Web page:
In short, what is known about Tiger’s sordid affairs is that he crashed his Escalade late on Thanksgiving night and that this is related in some way to inappropriate conduct Woods is currently having with at least one woman. After that, the details are murky. It’s likely that Woods is having an extramarital affair given the tone of Woods’ remarks and the breadth of stories coming out detailing such affairs, but I wouldn’t call it “certain”. Perhaps the extent of it is that Woods went too far with a greeting, a gesture or a remark with these women but didn’t actually have sex with any of them, because only the tabloid stories are suggesting actual adultery whereas Woods has never explicitly gone that far; though I do believe it’s just a matter of time before we can actually say with certainty that some amorous transgressions are actually occurring.

Beyond that, certainties are hard to come by. The biggest quandary involves who, exactly, Woods is having these transgressions with. Through the rough, three women have been linked as adulteresses to Woods- Uchitel, Grubbs and Las Vegas club promoter Kalika Moquin. Moquin’s story is the flimsiest, since that story is only supported by an unnamed “insider” who witnessed the affair transpire, and Moquin would later deny the report. Uchitel also issued a denial to her rumour, but she would later retract the denial- insisting she was just “protecting Tiger”- and planned a press conference to discuss her affair, a presser that was cancelled at the last minute due to “unforeseen circumstances” (widely believed to be Tiger’s people paying her off). TMZ would later report that it was Uchitel’s “sexts” (not a Grubbs voicemail message) that caused the argument that led to Woods’ fateful crash, with the vestibule area of Woods’ home being destroyed just before Tiger pulled out of the driveway. It’s a plausible story, but the fact still remains it’s only Uchitel pushing this side of the story- Woods himself has been silent on the issue and while there’s allegations of shenanigans on his part to stop Uchitel from telling her side of the story, there’s nothing from Woods’ side of the story that- as of yet- definitively links the two together.

Grubbs’ story is the one that carries the most weight. It’s reported that Grubbs left a voicemail message on Woods’ home phone imploring the golfer to change his greeting which is what caused the argument, though latest developments are casting doubt on that side of the story. What is holding up is the fact that there’s a voicemail message from someone who sounds a lot like Tiger Woods begging Grubs to remove her name from her phone number because Nordegren was getting “suspicious”. It’s clear, then, that Grubbs and Woods were engaged in something untoward, but whether or not this is actually an affair is unknown. Grubbs claims to have had 20 sexual encounters with Woods but again, like Uchitel’s case, it’s just Grubbs’ side of the story being told- Woods hasn’t specifically dealt with it. However, the fact that Woods felt compelled to apologize for “transgressions” shortly after Grubbs’ voicemail messages got released suggest that this affair is likely true, because of the timing of Woods’ statement is too close for it to be simply coincidental. Still, unless Woods addresses the rumour specifically, there’s no certainty to this story either.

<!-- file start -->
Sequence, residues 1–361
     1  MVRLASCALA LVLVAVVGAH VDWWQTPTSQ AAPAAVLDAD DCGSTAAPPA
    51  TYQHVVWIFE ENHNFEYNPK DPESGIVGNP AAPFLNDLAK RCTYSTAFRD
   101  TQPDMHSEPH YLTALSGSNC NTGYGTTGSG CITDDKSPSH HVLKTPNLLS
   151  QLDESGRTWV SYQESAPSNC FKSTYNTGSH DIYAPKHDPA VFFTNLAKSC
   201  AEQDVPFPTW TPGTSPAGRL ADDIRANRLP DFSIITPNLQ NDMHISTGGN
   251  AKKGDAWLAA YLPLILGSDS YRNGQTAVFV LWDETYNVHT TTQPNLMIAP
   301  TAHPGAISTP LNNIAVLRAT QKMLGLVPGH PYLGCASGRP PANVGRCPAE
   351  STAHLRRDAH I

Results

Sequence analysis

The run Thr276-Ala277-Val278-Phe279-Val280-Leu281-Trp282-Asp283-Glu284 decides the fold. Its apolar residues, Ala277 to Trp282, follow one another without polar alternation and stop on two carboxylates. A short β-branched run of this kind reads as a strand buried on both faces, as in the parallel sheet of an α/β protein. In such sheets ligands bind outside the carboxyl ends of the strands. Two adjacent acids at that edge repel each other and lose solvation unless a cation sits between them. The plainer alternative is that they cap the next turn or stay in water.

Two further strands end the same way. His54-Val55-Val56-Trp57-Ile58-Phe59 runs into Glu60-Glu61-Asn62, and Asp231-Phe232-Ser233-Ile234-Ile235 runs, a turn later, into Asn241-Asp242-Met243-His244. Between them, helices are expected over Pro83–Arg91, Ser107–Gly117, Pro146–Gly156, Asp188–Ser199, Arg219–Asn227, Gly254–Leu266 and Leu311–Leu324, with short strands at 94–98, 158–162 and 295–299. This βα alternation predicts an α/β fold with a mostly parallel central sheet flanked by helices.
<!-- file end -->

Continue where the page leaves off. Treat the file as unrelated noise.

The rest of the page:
However interesting the speculation over the “who’s” in the affairs might be, none of it answers the real question, and that’s “why”. At this end there are only two possible reasons- that Woods initiated the cheating on his own or his wife’s actions spurred him into cheating- and both are ultimately mixed together. The first argument is that Woods, finally realizing he’s got power from being the sporting world’s first billion-dollar athlete, decided that he’d live the life he didn’t have before he met Nordegren. Remember, Woods met Nordegren in 2001 through Jesper Parnevik (for whom Nordegren worked as a nanny), where Parnevik reports that he had to ask Nordegren out for Woods because “Tiger was too nervous to do it”. Lots of things have changed since 2001, chief of which being Woods cementing his place in golfing history. Before meeting Nordegren at the 2001 British Open, Woods had just completed golf’s Grand Slam at the Masters, marking the first time he’d be golf’s undisputed dominant player (Woods did win two other majors, the 1997 Masters and the 1999 PGA Championship, but 2000 was his real “coming out party”). In the next seven years, Woods would win eight more majors, an unprecedented streak of golfing superiority that established him as the sport’s best-ever player. It’s possible that Woods gained a new sense of self-confidence after his run, as it definitely improved his recognition to the point where his celebrity transcended golf. You’d have to think that would lead Tiger to a world of women he’s never experienced before and Woods showed he was unable to resist that temptation. Granted, this is just speculation but it’s not unfounded- Woods himself has already admitted to acting inappropriately (quite possibly in this manner) and Parnevik himself didn’t shy away from condemning Woods and his character, meaning that the possibility of this being one of Woods’ vices cannot be dismissed.